Otter Tail Power Study Misses the Mark

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For Immediate Release
Contact: Emily Rosenwasser, 312-251-1680 x119,
             Jessica Tatro, 612-963-9642,

Otter Tail Power Study Misses the Mark


Dependence on Coal Harms Utility’s Long Term Clean Energy Plan

FERGUS FALLS – Today, Otter Tail Power announced a proposal to spend $10 million in ratepayer money to continue burning coal another eight years at the more than 50 year old Hoot Lake coal plant. The proposal demonstrates Otter Tail Power’s dependence on coal, as the utility also plans to spend $490 million retrofit its Big Stone I coal plant. Otter Tail Power’s proposal was prompted by a Public Utilities Commission order that the utility study opportunities to diversify its energy portfolio, which is overly dependent on dirty fossil fuels.

“Otter Tail Power’s proposal to spend millions on dirty fossil fuels completely misses the mark,” said Jessica Tatro, Sierra Club Beyond Coal Organizing Representative. “We need to take this opportunity to diversify our energy mix and to expand investments in renewable energy technologies that can provide power and jobs without the dangerous and harmful effects of burning fossil fuels like coal.”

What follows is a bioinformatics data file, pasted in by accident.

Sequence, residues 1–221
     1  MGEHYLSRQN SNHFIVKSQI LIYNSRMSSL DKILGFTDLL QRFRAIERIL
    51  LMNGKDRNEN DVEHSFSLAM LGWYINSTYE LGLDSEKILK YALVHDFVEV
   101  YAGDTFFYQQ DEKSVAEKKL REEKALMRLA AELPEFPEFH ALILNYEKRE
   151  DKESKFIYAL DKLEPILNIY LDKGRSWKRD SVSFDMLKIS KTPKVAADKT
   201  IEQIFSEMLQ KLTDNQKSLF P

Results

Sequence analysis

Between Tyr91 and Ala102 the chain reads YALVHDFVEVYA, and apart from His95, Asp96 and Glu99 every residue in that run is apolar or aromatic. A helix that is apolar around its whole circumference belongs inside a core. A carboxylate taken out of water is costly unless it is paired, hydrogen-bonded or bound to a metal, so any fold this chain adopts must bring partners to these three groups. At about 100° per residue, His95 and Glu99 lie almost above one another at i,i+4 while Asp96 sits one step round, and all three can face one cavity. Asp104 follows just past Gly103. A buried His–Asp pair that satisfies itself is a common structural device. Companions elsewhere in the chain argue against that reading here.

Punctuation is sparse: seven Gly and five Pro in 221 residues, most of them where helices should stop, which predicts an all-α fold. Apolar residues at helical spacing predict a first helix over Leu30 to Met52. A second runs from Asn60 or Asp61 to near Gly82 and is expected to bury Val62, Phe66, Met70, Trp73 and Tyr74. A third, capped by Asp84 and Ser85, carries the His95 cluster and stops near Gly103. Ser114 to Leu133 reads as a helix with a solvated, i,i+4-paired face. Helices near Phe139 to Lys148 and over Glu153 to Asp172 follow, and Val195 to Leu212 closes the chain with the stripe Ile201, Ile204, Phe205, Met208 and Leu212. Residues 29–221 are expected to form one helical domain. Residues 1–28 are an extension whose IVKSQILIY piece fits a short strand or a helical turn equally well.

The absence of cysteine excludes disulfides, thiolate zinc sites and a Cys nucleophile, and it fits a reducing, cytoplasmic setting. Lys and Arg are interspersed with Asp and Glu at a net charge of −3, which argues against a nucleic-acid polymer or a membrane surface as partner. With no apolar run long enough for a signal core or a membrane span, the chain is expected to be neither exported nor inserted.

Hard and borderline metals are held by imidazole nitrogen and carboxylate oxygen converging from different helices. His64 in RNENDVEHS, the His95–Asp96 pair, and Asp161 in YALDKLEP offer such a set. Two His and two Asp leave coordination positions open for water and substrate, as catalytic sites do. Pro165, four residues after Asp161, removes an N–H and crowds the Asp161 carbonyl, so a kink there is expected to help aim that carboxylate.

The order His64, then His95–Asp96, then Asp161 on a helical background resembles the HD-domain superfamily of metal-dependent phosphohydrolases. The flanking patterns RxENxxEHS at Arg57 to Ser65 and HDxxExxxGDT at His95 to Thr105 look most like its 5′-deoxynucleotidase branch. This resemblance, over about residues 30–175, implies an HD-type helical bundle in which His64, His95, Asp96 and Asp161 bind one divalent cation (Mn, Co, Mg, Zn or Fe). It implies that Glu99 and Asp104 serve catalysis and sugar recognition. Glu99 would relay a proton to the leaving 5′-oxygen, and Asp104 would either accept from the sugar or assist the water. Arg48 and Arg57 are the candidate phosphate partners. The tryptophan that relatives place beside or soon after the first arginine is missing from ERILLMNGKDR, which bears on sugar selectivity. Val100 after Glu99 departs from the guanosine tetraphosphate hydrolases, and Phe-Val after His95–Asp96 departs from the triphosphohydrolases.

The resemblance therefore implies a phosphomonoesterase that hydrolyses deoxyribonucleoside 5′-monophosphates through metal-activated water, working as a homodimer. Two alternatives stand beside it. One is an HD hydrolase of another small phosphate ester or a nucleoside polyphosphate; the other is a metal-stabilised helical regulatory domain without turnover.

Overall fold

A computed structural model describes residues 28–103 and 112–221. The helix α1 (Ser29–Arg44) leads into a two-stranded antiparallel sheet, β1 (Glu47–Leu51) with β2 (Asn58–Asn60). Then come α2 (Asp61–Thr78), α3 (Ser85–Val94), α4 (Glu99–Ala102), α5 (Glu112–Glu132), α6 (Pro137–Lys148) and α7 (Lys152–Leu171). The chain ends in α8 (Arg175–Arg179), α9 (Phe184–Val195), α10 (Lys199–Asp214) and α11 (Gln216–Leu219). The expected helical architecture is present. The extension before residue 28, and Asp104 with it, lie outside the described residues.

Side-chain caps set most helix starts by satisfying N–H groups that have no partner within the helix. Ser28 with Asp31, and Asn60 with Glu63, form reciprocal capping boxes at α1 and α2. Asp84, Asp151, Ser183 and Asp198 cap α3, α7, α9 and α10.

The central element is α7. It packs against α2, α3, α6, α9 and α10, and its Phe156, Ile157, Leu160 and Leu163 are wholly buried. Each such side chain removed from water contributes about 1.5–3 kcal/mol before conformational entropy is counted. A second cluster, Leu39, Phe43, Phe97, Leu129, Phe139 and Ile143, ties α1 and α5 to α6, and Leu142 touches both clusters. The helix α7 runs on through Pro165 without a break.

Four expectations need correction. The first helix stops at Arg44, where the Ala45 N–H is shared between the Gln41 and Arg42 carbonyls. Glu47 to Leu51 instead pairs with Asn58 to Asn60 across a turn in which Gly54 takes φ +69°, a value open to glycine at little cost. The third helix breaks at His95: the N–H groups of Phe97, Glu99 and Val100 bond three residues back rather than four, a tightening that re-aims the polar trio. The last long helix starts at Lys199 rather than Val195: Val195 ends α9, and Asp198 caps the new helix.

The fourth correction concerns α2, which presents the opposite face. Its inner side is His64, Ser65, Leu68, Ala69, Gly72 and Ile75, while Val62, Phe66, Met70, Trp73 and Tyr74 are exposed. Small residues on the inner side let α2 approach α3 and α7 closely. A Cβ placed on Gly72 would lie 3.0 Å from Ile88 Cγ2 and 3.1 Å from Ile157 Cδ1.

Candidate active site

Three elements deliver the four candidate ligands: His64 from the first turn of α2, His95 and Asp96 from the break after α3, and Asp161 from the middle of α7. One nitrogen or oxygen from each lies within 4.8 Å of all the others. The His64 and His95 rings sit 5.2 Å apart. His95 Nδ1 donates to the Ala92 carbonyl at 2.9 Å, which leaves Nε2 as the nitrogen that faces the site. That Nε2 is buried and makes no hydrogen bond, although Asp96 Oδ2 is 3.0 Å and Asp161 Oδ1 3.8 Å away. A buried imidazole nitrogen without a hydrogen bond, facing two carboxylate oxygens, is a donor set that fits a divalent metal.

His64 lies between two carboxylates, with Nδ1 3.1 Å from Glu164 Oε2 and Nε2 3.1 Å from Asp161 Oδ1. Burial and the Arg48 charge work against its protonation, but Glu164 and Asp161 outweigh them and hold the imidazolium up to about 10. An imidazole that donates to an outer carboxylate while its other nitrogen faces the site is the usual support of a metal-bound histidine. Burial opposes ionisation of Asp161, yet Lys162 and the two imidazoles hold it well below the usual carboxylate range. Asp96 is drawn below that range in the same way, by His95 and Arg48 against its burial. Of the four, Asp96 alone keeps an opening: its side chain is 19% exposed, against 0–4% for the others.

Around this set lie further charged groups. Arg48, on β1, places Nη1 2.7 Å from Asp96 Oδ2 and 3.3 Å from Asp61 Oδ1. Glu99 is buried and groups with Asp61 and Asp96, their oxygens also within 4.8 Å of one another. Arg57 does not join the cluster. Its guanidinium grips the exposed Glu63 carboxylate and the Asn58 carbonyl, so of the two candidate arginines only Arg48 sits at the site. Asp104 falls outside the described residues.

Wind energy is cost competitive with fossil fuels and creates nearly double the number of jobs per million dollars invested. Otter Tail Power is based in one of the best geographic areas for large amounts of low cost wind energy. Yet, Otter Tail Power is considering less than 10% of their energy mix from wind by 2026.


Continued investment in fossil fuels ignores broad public support for investments in renewable energy and energy conservation. A 2012 poll of Minnesotan votersfound that over two-thirds of voters polled supported a variety of clean energy laws like Minnesota’s law to secure 25 percent of the state’s electricity from renewable sources by 2025—regardless of political affiliation.


“This proposal would pump ratepayer money into fossil fuels instead of investing in clean energy, like wind, solar and energy conservation. Otter Tail is making a choice for Minnesotans that Minnesotans don’t support,” said Tatro. “Otter Tail Power needs to get serious about investing in Minnesota’s clean energy future which will create good paying jobs.”


The Minnesota Department of Commerce warned Otter Tail Powerthat continuing to burn coal at Hoot Lake was uneconomical and the plant should be retired by 2018 regardless of the costs of complying with EPA clean air safeguards.





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